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Plagiarism 1 Responses: Not Plagiarism

confused face

Nice try!

Actually, though, this IS an example of plagiarism for the following two reasons:

  • First, it’s not really paraphrased. Paraphrasing is putting an idea into your own words. In this case, the writer just swaps a few words for synonyms or changes around a couple of phrases. That’s not an acceptable way to paraphrase, and it is considered plagiarism.

  • The other reason this is plagiarism is that there is no citation provided. Even when you paraphrase instead of using someone else’s exact words, you still must cite your source.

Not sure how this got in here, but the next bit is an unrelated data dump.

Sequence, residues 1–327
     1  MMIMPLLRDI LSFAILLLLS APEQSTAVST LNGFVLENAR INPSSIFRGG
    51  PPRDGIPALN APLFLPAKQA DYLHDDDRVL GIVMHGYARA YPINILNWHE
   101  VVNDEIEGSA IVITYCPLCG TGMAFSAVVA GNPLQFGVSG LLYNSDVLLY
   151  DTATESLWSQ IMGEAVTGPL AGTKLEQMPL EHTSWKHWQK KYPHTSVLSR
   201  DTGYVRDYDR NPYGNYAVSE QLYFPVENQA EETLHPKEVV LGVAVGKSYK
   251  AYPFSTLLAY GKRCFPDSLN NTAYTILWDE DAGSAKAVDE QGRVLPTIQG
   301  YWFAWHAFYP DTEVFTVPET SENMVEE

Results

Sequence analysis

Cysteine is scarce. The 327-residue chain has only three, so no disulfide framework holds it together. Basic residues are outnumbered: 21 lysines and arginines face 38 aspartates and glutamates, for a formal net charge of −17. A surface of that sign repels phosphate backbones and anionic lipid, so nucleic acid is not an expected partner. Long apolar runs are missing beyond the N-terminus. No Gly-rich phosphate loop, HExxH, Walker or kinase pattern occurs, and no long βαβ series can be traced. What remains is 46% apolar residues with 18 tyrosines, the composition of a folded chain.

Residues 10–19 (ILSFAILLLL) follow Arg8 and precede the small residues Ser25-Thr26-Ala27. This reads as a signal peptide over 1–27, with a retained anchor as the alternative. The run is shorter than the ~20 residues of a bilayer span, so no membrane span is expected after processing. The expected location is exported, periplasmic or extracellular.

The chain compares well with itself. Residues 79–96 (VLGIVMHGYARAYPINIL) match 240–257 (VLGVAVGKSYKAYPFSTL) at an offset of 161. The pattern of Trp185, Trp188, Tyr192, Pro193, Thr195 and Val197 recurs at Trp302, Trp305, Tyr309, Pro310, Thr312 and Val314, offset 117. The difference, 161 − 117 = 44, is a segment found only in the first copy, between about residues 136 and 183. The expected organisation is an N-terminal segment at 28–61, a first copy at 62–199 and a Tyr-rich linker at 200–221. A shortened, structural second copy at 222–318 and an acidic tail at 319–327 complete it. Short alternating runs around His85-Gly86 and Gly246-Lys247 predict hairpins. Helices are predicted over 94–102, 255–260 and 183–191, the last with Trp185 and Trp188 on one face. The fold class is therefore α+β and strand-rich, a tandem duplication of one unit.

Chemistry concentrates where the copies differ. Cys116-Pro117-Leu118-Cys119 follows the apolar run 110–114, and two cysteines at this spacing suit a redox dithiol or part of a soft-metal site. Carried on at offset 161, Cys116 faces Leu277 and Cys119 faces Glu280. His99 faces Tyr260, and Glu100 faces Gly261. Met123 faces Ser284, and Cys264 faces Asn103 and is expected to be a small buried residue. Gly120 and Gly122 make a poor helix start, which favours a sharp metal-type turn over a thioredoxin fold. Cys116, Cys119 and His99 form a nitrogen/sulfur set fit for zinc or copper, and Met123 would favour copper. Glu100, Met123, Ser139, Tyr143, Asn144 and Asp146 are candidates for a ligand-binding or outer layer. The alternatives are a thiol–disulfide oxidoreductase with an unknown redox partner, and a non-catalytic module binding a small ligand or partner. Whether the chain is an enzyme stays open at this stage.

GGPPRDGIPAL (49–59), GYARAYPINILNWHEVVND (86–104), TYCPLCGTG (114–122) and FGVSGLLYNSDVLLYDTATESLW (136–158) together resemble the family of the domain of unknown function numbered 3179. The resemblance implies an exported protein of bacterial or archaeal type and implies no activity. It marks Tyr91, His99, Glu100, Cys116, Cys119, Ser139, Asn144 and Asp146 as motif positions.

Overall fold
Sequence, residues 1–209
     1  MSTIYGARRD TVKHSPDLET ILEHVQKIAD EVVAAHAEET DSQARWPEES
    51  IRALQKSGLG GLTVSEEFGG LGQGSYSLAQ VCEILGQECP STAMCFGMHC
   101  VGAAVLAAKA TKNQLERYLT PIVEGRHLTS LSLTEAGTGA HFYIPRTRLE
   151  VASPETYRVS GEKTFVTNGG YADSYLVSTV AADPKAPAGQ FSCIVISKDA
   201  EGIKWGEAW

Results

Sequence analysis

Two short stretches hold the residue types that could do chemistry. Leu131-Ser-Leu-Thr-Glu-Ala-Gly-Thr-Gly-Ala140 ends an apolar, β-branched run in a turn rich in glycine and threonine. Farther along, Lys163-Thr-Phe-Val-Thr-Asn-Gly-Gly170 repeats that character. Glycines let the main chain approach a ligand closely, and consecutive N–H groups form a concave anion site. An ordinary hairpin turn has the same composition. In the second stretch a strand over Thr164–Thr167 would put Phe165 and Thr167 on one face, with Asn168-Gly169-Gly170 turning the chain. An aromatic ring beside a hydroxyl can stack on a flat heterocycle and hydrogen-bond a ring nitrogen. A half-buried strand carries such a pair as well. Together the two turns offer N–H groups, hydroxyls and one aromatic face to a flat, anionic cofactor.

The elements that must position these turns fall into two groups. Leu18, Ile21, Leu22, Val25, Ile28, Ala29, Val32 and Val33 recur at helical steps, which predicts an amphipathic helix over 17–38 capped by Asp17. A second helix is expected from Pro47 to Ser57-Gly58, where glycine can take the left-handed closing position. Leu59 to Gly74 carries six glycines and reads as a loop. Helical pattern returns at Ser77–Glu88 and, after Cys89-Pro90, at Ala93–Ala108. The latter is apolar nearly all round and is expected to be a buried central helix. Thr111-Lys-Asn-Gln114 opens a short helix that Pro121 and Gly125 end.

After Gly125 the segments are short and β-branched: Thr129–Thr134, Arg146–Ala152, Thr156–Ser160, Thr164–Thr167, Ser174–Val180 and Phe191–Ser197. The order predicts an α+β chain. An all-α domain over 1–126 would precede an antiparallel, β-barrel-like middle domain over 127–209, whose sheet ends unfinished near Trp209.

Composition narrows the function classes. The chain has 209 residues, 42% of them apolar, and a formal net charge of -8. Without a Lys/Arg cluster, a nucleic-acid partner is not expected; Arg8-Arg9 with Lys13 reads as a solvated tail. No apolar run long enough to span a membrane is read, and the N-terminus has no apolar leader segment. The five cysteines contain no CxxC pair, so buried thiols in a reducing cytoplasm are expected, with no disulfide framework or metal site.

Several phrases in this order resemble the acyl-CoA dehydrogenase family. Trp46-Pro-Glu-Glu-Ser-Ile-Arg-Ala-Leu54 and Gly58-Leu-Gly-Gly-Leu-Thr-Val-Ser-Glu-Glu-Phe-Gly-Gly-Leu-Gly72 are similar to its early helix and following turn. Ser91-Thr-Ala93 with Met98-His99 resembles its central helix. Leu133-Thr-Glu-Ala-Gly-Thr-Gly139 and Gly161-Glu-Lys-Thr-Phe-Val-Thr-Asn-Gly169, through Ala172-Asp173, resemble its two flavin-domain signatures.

Here’s how we could correct this example to make it a true paraphrase and prevent plagiarism:

Correctly Paraphrased and Cited:

According to Jane Addams (1911), the influx of young people into the cities as a result of industrialism created an additional problem; for the first time, young women left the safety of their homes and began to work for employers they did not know (p. 5).

Addams, J. (1911). The spirit of youth and the city streets. New York, NY: MacMillan.  

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